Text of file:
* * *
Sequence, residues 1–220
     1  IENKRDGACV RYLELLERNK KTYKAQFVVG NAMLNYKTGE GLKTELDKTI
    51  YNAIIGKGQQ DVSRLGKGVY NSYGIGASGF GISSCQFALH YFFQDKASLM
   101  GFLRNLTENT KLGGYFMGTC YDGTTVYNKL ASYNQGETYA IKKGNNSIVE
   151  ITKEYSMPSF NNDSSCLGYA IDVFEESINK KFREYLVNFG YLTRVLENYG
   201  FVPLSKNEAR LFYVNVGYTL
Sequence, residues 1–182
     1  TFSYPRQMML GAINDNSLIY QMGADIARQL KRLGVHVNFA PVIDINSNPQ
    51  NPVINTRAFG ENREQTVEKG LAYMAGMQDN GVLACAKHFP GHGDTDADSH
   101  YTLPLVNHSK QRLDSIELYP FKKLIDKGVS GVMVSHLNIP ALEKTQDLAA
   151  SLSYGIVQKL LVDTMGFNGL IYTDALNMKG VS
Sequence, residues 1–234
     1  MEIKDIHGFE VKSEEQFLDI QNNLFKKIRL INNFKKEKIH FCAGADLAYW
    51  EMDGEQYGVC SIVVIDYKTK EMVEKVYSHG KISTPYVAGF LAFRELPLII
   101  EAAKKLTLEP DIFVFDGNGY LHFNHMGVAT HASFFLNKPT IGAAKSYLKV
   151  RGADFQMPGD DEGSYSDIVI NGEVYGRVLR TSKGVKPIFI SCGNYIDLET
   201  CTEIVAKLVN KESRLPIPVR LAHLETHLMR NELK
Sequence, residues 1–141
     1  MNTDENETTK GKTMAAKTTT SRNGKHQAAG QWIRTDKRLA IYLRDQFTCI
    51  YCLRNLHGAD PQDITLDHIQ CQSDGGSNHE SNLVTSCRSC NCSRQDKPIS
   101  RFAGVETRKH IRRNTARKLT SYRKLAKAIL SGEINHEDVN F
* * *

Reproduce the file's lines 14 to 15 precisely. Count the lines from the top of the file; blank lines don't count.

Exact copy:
    51  EMDGEQYGVC SIVVIDYKTK EMVEKVYSHG KISTPYVAGF LAFRELPLII
   101  EAAKKLTLEP DIFVFDGNGY LHFNHMGVAT HASFFLNKPT IGAAKSYLKV